Jul 4, 2018 at 19:09
  • I've following your step carefully and it doesn't works. Does it need restart?
    – Yohanes AI
    Jul 19, 2018 at 8:53
  • 3
    if you don't want to write a bash script but just want the logs to overwrite monthly do this: log_filename = 'postgresql-%d.log' and no it won't overwrite after each restart, it will append for each day and overwrite each month. Of course there are different days depending on month 28,29,30,31 -- but you get the idea.
    – sojim2
    Mar 6, 2019 at 0:38
  • I discovered you can run select pg_reload_config(); since Postgres 9.0 rather than restarting the service in step 6. Oct 8, 2021 at 13:47
  • It might be worth nothing that changing logging_collector = on requires a server restart - i.e. running SELECT pg_reload_conf(); will work with the other postgresql.conf parameters, but not that one - you can check this by running SELECT name, pending_restart FROM pg_settings WHERE name = 'logging_collector'; after the reload. It's a pity - I'd consider that a niggle at best or a bug at worst.
    – Vérace
    Oct 27, 2023 at 10:39

FYI: The other solutions will only log statements from the default database—usually postgres—to log others; start with their solution; then:

ALTER DATABASE your_database_name
SET log_statement = 'all';

Ref: https://serverfault.com/a/376888 / log_statement

  • 3
    This should be the accepted answer - the only one that has practical value! Jul 23, 2020 at 13:19
  • 2
    The quoted statements work in Postgres 9.4 or later, but the leading paragraph is false. Setting log_statement = all in postgresql.conf for the respective database cluster - like the accepted answer suggests - affects all databases of that cluster - which can be overruled by per-database settings. Mar 20, 2021 at 16:55
  • 3
    reconnect psql to get effect. Nov 12, 2021 at 19:58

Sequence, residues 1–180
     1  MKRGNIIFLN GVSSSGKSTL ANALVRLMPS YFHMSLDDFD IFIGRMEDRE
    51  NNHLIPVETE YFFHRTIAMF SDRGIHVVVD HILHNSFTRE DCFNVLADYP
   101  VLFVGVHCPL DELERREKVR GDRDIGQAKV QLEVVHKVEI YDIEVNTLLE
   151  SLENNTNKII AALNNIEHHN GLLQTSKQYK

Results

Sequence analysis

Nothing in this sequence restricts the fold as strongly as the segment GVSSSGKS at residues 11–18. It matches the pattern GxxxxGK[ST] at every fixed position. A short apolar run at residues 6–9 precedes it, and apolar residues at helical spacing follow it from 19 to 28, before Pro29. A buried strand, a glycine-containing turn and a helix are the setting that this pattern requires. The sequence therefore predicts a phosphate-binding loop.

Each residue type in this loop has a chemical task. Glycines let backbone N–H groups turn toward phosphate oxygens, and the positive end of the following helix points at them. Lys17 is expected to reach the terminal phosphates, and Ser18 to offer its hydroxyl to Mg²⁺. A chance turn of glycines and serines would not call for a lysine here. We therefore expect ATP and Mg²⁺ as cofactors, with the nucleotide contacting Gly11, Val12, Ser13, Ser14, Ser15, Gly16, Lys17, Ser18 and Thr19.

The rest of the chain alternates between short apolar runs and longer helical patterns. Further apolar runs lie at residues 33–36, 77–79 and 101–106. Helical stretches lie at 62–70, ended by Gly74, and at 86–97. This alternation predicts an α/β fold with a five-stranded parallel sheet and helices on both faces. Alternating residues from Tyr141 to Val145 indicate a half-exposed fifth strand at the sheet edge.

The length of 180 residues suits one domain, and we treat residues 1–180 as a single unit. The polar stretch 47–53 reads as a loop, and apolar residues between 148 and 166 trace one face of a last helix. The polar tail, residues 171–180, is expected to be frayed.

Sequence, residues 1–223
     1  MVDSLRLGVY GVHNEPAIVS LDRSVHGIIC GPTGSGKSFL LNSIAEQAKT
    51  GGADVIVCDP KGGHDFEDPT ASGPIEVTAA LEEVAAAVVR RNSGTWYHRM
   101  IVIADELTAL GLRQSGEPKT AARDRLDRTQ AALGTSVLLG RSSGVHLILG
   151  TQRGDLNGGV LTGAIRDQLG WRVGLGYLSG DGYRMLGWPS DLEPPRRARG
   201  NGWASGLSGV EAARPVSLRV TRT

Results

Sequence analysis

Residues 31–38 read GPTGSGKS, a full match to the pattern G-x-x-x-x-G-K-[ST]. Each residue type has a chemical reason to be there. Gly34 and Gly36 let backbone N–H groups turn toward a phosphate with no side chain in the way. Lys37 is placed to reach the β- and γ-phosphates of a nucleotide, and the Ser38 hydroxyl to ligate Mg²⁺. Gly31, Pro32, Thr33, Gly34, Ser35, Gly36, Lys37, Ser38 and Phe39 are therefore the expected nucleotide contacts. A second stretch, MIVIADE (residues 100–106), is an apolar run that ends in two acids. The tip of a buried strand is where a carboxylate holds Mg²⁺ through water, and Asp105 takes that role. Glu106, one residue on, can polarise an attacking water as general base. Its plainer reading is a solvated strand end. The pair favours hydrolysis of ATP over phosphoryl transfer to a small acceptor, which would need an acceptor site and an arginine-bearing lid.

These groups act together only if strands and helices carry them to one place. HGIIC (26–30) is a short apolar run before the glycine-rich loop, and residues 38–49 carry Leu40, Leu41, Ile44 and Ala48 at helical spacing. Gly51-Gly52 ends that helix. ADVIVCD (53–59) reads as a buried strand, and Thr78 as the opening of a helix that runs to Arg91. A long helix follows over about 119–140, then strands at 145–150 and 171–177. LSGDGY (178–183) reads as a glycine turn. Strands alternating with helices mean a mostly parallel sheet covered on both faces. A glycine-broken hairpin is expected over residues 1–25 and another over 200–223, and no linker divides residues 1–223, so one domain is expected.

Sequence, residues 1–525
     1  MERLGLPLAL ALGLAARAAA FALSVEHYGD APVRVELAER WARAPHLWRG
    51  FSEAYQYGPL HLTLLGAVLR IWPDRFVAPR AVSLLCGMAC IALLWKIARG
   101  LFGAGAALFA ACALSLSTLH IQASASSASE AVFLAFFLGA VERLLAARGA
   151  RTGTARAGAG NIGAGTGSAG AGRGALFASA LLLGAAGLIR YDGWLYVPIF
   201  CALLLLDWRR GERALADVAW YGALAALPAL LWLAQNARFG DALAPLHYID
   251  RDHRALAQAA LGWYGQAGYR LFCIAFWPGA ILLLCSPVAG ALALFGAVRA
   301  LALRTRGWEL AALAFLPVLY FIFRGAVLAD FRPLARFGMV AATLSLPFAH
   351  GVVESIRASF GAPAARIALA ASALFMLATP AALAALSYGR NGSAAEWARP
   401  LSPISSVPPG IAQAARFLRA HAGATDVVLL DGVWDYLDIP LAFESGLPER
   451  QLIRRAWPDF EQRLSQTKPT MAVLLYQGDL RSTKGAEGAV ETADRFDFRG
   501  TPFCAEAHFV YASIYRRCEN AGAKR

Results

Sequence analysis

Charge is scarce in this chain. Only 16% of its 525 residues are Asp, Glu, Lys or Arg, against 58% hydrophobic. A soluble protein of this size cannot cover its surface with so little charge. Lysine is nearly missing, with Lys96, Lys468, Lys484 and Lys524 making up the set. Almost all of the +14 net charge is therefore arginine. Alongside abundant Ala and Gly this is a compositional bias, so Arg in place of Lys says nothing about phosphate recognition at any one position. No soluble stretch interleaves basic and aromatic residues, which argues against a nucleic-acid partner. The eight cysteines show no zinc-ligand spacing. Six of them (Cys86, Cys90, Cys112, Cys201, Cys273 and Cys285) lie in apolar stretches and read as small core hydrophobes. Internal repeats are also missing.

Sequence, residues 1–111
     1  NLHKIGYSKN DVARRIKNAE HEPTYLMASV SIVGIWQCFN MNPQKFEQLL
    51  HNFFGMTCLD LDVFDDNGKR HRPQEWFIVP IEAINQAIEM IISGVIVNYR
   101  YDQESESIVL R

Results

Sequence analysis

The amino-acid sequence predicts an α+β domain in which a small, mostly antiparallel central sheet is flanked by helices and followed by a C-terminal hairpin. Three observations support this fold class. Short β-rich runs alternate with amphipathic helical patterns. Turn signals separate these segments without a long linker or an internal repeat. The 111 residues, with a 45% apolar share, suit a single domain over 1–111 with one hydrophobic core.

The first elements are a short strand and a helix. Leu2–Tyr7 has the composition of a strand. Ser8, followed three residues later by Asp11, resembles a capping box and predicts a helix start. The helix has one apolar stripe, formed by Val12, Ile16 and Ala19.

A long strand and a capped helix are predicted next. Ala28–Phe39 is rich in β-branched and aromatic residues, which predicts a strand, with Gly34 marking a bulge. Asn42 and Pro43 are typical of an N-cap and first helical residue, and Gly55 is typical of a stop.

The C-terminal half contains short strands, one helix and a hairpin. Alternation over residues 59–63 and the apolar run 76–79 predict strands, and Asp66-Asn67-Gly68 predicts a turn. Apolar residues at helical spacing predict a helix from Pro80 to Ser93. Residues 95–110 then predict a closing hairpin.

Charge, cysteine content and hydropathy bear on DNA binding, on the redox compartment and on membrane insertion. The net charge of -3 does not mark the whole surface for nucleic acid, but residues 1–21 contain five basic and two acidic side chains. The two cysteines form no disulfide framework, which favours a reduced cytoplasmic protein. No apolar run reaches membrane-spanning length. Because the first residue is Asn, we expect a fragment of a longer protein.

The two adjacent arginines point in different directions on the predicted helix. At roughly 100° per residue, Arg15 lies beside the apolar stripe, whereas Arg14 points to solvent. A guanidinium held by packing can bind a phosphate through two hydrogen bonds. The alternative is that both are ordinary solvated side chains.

SELECT set_config('log_statement', 'all', true);

With a corresponding user right may use the query above after connect. This will affect logging until session ends.

  • 9
    It's generally cleaner to use SET log_statement = 'all' or (for transaction level) SET LOCAL log_statement = 'all'. You might also be interested in the client_min_messages and log_min_messages settings. Nov 11, 2013 at 2:31
  • 1
    This is great, since I want to log just the messages of my connection. Unfortunately I get: permission denied to set parameter "log_statement" since my user is not superuser.
    – guettli
    Jun 10, 2014 at 12:20
  • 3
    You may ask DB administrator for grants executing the function. GRANT { EXECUTE | ALL [ PRIVILEGES ] } ON { FUNCTION function_name ( [ [ argmode ] [ arg_name ] arg_type [, ...] ] ) [, ...] | ALL FUNCTIONS IN SCHEMA schema_name [, ...] } TO { [ GROUP ] role_name | PUBLIC } [, ...] [ WITH GRANT OPTION ]
    – Rix Beck
    Aug 31, 2014 at 20:03

You also need add these lines in PostgreSQL and restart the server:

log_directory = 'pg_log'                    
log_filename = 'postgresql-dateformat.log'
log_statement = 'all'
logging_collector = on
  • 2
    logging_collector=on is necessary
    – wjin
    Dec 6, 2014 at 0:21
  • Works like a charm. I was confused by the comment on the config file saying Required to be on for csvlogs, thinking this option was to log query output and not just statements, but it's not the case.
    – Jacopofar
    Jan 17, 2018 at 10:23
  • In your data/postgresql.conf file, change the log_statement setting to 'all'.
    – FlyingV
    Apr 10, 2019 at 20:54

Set log_statement to all:

Error Reporting and Logging - log_statement


+1 to above answers. I use following config

log_line_prefix = '%t %c %u ' # time sessionid user
log_statement = 'all'

Just to have more details for CentOS 6.4 (Red Hat 4.4.7-3) running PostgreSQL 9.2, based on the instructions found on this web page:

  1. Set (uncomment) log_statement = 'all' and log_min_error_statement = error in /var/lib/pgsql/9.2/data/postgresql.conf.
  2. Reload the PostgreSQL configuration. For me, this was done by running /usr/pgsql-9.2/bin/pg_ctl reload -D /var/lib/pgsql/9.2/data/.